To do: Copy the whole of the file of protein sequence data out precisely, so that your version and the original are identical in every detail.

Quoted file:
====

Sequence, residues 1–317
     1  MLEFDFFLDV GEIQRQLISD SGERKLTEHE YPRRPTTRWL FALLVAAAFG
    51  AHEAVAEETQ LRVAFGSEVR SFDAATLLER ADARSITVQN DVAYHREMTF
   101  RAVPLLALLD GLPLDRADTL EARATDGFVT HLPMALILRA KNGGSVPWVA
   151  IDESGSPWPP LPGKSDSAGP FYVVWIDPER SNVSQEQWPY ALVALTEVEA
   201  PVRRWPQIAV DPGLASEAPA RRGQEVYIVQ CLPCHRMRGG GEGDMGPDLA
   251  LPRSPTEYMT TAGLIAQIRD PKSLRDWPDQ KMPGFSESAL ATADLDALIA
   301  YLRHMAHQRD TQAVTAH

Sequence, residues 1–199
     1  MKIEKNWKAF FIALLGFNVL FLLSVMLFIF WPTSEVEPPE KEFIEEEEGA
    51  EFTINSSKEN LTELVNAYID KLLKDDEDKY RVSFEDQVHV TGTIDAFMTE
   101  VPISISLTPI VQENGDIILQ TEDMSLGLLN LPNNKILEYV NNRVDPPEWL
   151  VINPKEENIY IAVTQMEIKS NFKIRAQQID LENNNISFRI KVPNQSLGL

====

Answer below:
Sequence, residues 1–317
     1  MLEFDFFLDV GEIQRQLISD SGERKLTEHE YPRRPTTRWL FALLVAAAFG
    51  AHEAVAEETQ LRVAFGSEVR SFDAATLLER ADARSITVQN DVAYHREMTF
   101  RAVPLLALLD GLPLDRADTL EARATDGFVT HLPMALILRA KNGGSVPWVA
   151  IDESGSPWPP LPGKSDSAGP FYVVWIDPER SNVSQEQWPY ALVALTEVEA
   201  PVRRWPQIAV DPGLASEAPA RRGQEVYIVQ CLPCHRMRGG GEGDMGPDLA
   251  LPRSPTEYMT TAGLIAQIRD PKSLRDWPDQ KMPGFSESAL ATADLDALIA
   301  YLRHMAHQRD TQAVTAH

Sequence, residues 1–199
     1  MKIEKNWKAF FIALLGFNVL FLLSVMLFIF WPTSEVEPPE KEFIEEEEGA
    51  EFTINSSKEN LTELVNAYID KLLKDDEDKY RVSFEDQVHV TGTIDAFMTE
   101  VPISISLTPI VQENGDIILQ TEDMSLGLLN LPNNKILEYV NNRVDPPEWL
   151  VINPKEENIY IAVTQMEIKS NFKIRAQQID LENNNISFRI KVPNQSLGL